Rutile is potentially very important for the transport of water during subduction metamorphism after the breakdown of hydrous phases, as it is one of the most hydrous nominally anhydrous minerals (up to several 1000 μg/g H2O) and commonly occurs in a variety of lithologies and P-T conditions across subduction zones.
We present results from quantitative in-situ Fourier Transform Infrared (FTIR) spectroscopy of rutile from different subduction settings (P-T, lithology, geothermal gradients) and high-resolution FTIR mapping to evaluate the variability of H2O contents in rutile and retention of H+.
Observed H2O contents are highly variable. Granulite facies rutile have low H2O contents (<150 μg/g) with high-P granulites showing up to ~400 μg/g H2O. The highest average H2O contents were observed in low-T eclogite facies rutile (500–1700 μg/g). Amphibolite- and high-T – high-P eclogite facies rutile has intermediate H2O contents (~200–400 μg/g). Rutile from UHP shows greatly varying H2O contents (<10–700 μg/g).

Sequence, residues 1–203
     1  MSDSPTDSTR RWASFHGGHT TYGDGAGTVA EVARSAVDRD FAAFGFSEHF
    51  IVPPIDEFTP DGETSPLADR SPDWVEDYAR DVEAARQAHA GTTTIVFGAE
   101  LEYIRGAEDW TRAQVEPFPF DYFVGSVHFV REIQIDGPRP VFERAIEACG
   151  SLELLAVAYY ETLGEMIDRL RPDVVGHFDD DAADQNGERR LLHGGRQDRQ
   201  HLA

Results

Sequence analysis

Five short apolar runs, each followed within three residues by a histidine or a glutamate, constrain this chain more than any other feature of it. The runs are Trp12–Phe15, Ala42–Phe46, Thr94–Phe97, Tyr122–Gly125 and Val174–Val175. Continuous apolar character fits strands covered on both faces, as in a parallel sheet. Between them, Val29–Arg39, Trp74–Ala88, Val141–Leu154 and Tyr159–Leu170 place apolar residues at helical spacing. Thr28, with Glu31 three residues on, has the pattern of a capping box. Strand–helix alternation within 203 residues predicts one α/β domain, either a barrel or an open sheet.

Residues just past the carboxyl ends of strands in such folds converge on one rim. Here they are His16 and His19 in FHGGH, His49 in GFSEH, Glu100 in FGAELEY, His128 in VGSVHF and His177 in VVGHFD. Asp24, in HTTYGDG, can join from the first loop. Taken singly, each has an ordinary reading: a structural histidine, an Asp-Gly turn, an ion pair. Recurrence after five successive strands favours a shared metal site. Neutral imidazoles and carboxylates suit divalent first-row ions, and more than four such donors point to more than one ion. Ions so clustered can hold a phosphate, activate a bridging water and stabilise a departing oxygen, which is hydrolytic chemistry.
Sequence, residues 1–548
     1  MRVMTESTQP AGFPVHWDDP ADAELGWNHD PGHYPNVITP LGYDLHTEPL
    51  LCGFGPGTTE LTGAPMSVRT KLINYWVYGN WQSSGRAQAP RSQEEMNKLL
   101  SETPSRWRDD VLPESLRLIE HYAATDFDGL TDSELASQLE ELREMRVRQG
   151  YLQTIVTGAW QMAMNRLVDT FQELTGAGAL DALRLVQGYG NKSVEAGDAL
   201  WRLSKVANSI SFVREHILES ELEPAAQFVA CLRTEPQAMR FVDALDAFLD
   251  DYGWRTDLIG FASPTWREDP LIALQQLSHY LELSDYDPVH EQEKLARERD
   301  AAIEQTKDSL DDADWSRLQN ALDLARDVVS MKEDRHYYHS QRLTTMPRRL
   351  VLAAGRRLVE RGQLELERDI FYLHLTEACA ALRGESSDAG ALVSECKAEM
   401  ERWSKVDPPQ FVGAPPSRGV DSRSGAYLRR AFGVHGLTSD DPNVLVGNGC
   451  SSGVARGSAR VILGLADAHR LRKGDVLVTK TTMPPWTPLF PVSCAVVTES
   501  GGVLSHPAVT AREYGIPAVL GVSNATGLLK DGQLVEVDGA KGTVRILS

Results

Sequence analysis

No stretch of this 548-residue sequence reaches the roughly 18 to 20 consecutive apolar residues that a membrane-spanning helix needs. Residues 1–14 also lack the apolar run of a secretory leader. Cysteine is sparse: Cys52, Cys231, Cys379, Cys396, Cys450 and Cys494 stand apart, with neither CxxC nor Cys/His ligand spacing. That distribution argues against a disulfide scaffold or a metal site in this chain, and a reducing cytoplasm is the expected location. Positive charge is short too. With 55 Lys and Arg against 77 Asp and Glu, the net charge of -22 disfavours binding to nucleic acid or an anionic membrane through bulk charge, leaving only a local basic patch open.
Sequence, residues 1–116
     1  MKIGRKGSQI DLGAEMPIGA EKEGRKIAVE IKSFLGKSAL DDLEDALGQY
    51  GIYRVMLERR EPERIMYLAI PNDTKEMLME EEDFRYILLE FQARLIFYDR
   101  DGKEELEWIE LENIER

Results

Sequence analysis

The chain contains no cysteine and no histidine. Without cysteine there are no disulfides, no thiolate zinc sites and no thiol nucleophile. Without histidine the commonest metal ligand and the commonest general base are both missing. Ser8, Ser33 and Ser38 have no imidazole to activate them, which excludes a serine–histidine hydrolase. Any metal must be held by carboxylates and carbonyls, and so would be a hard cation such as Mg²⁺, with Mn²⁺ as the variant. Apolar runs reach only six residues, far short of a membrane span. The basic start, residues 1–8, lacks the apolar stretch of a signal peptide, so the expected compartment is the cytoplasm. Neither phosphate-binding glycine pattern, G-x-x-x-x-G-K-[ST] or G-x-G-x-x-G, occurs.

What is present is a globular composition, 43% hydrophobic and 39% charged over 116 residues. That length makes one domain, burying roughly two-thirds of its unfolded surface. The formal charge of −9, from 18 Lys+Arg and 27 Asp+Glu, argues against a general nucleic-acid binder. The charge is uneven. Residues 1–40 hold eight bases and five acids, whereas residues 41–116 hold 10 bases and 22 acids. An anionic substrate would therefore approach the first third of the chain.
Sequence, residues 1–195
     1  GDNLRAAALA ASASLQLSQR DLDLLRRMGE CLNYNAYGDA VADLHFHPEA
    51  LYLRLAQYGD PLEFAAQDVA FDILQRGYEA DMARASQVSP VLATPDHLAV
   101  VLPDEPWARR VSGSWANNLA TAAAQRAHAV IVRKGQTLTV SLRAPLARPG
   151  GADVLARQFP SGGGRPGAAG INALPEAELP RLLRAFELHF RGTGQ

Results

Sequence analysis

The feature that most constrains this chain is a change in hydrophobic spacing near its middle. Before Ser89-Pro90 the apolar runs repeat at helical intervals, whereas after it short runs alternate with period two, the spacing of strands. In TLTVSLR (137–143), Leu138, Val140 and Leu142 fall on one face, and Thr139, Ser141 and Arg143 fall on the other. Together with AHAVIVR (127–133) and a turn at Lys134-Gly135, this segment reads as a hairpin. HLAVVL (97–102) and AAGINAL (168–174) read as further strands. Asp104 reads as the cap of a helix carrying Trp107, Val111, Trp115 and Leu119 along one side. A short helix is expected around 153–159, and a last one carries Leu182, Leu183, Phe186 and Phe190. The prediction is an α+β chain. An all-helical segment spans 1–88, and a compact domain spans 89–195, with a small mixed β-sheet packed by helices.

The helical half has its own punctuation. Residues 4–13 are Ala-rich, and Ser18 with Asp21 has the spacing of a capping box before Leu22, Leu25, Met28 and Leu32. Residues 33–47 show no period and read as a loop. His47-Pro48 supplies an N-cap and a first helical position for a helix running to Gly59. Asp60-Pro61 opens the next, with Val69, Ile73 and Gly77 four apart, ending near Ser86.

FTIR maps of high-P granulite-, high-T – high-P eclogite facies and UHP rutile show evidence for diffusive H+ loss, while low-T eclogite- and amphibolite facies rutile are homogeneous or show growth zoning and thus retain their original H2O contents. Therefore, the typically variable and lower H2O contents at higher P-T conditions result from H+ loss at temperatures above ~650–700 °C.
Generally, H2O contents are distinctive for specific subduction zone conditions, especially when coupled with Zr-in-rutile thermometry and trace-element geochemistry, e.g. high H2O contents above 500 μg/g coupled with Zr contents below 200 μg/g indicate cold subduction geotherms.